Green Bay's Clay Matthews (left) wants to be known as more than just a pass-rushing star. And he's getting his chance this season, with a revamped role in the Packers defense.
Joe Nicholson/Joe Nicholson-USA TODAY Sports
GREEN BAY, Wis. — Clay Matthews believes he’s been known mostly as a "sack guy." With 50 sacks in his first five NFL seasons, Matthews is not mistaken. But now, the Green Bay Packers star outside linebacker wants to be known for a lot more.
Through two games this season, Matthews is rushing the quarterback less and dropping back into coverage more than he has in the previous four years. It’s all part of the Packers’ plan to try to make Matthews more difficult for opposing offenses to prepare for.
When Matthews entered the league as a first-round pick in 2009, his rookie year was spent mostly playing right outside linebacker. The next two years, he played left outside linebacker. Then back to the right side in 2012 and over again to the left in 2013. This season, defensive coordinator Dom Capers is moving the four-time Pro Bowl selection around a lot more frequently and not sending him after the quarterback as often.
"I think I can do it all," Matthews said. "I think over the years I’ve been known as a sack guy, but I think what’s been lost in the shuffle is the fact that I can cover, I can play in space and rush the passer as well."
Yes, Matthews is publicly buying into the new plan that’s been set out for him. That was somewhat in question after Matthews uncharacteristically did not speak with reporters in the week that followed Green Bay’s loss to the Seattle Seahawks and then did not meet with the media after the Packers’ win over the New York Jets.
But if Matthews is actually frustrated with what’s being asked of him, he’s hiding it quite well.
"I’m excited that I have the opportunity to go out there, rush the passer, do everything that I can do," Matthews said. "At the end of the day, I love making plays, I love getting after the quarterback. Dom and the rest of the staff will find ways for me to make plays, and I think we’ll continue to see that moving forward whether it’s in coverage, rushing the passer, whatever it may be."
Though it’s obviously still early in the season, the percentage change in how often Matthews is rushing the quarterback indicates that this is a strategy that’s likely to stay all year. According to data from ProFootballFocus, Matthews has gone into coverage on 19 of the 69 times that a quarterback has dropped back to pass. Compare that 72.4 percent pass-rush rate this year to recent seasons of 84.5 percent (2013) and 84.4 percent (2012), Matthews has not been given a chance to be "the sack guy" as much.
"I think what we’ve been doing has worked," Matthews said. "Ultimately, at the end of the day, they brought me in here to get after the quarterback, but I think when you look beyond that, if you have someone with a unique set of talents … I think you have to use your athletes in a special way, and I think that’s what we’re doing here."
Matthews used former Packers defensive back Charles Woodson (who was the 2009 NFL Defensive Player of the Year) as a comparison that when a player is very talented it’s easier to have success when being used in a variety of roles and in a variety of spots on the field.
"You see me on the left, you see me on the right, you see me in the middle, you see me covering a 7-route in one-on-one coverage," Matthews said. "So yeah, you’ll see me doing it all."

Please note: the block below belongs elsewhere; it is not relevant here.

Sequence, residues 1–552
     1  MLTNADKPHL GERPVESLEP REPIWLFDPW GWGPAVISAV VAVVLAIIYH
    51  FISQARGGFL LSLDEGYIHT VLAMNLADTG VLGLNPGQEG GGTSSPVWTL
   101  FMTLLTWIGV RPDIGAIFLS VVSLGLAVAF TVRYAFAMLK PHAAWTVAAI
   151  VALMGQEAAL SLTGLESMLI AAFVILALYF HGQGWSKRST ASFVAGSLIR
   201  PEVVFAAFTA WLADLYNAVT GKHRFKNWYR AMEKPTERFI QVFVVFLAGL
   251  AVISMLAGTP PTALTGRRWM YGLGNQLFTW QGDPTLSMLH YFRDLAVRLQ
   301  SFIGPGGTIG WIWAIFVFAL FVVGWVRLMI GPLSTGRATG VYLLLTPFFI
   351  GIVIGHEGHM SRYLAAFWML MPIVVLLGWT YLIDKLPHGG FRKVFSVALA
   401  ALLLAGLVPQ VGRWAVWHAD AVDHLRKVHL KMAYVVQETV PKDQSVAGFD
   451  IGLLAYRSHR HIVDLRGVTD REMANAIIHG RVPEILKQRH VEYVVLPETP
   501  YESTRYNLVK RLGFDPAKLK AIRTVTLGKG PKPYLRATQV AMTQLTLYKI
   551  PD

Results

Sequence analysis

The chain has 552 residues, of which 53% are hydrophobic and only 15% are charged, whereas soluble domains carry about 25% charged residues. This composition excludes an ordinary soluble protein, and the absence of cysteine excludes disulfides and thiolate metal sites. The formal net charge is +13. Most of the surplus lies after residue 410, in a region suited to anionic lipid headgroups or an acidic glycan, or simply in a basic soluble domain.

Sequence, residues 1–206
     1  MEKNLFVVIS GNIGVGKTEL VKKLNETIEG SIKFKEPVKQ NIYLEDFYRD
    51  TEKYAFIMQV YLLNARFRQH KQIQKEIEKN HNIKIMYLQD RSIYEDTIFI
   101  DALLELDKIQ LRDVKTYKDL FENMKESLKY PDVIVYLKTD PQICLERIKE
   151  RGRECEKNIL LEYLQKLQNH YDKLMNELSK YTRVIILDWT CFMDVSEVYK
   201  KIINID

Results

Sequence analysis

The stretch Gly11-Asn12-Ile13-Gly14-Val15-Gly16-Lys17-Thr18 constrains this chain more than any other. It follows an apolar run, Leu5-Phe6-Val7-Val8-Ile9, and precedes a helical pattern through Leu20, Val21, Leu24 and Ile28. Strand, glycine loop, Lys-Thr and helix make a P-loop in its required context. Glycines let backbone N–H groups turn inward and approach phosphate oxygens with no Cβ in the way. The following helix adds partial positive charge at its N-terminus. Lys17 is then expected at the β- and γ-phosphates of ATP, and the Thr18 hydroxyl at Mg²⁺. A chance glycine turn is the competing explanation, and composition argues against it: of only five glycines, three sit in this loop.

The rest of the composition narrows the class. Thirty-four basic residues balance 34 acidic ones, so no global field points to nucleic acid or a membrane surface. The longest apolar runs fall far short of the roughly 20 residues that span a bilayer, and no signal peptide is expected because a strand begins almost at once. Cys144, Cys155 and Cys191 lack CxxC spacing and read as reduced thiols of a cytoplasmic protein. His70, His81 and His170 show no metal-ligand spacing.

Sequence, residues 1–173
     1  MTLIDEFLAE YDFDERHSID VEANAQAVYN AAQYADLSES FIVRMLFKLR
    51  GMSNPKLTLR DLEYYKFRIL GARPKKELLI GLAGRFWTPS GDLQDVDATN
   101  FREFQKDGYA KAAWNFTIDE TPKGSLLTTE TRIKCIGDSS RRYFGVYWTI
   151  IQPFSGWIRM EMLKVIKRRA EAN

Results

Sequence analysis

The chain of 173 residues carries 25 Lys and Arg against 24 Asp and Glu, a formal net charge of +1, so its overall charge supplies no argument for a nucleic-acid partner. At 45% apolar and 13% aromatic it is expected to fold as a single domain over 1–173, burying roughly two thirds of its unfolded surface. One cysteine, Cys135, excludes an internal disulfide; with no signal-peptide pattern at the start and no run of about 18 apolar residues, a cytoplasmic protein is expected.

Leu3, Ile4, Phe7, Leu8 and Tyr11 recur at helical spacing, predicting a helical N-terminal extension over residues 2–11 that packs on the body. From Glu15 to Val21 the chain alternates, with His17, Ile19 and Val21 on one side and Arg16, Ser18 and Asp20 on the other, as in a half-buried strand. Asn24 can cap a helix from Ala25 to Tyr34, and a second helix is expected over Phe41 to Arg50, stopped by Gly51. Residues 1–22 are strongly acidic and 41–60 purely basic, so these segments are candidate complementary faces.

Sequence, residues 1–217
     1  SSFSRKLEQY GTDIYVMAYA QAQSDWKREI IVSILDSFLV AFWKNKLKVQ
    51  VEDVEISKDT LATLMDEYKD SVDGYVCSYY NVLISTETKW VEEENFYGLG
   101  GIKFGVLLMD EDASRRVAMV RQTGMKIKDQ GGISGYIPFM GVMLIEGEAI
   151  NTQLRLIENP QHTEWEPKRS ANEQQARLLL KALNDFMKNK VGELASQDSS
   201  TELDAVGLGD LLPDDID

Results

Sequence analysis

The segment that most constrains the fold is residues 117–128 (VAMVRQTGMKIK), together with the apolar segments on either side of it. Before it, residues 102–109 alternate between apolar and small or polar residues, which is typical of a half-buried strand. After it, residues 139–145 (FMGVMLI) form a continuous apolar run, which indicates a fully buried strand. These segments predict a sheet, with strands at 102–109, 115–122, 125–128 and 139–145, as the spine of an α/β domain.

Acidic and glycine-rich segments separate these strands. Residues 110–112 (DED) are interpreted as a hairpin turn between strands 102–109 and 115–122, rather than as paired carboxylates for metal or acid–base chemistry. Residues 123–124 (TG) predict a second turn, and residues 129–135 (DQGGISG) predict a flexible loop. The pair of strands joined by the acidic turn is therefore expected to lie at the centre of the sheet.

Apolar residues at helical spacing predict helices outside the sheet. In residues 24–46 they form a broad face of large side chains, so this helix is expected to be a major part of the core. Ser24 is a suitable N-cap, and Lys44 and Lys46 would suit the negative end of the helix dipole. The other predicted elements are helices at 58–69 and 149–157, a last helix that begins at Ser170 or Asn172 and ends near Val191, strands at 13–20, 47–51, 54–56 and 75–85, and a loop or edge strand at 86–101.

Head coach Mike McCarthy is a believer that Matthews’ new, adjusted role is the right move for everyone involved.
"When you have an exceptional football player, when you line him up in the same place every single time, you help the offense," McCarthy said. "If you want to chip him, if you want to slide to him, if you’re able to practice it all week, ‘Clay Matthews is over there’ or ‘Clay Matthews is over there,’ it’s an easier training process for the opponent.
"It’s just really having Clay do the same things he’s always done and just move him around."
Well, it’s not exactly the same thing that Matthews has always done. The arrival of Julius Peppers has helped the Packers to allow Matthews to pass rush from the right side, from the left side and up the middle, while also sending him in coverage more than a quarter of the time. That’s not the same thing Matthews has always done. It’s combining everything Matthews has ever done and switching it around from one play to the next.
"What we’re trying to accomplish is the fact that we’re trying to present problems for the opponents’ offense and not just lining me up in one spot," Matthews said.
Early in Matthews’ career, he was in coverage at a similar rate that he is now. As a rookie in 2009, he pass-rushed on just 70 percent of defensive snaps. His opportunities to get after the quarterback then rose by more than 14 percent over the following four seasons. That coincided from having 10 sacks in his rookie year to having a career-high 13.5 sacks in 2010 and nearly matching that mark with 13.0 sacks in 2012.
Matthews has one sack so far this season, though he would have 1.5 sacks if not for a defensive holding penalty downfield called on Brad Jones.
"I think I’m doing fine," Matthews said.
While it’s certainly up for debate whether the NFL’s highest-paid linebacker should be spending additional time away from quarterbacks, Matthews is seemingly convinced that it’s the right thing for the Packers to do with him this season.
"Whether it’s out of a 3-4, 4-3 look or whatever it may be, I believe I can do it and I believe I can do it to a high level," he said.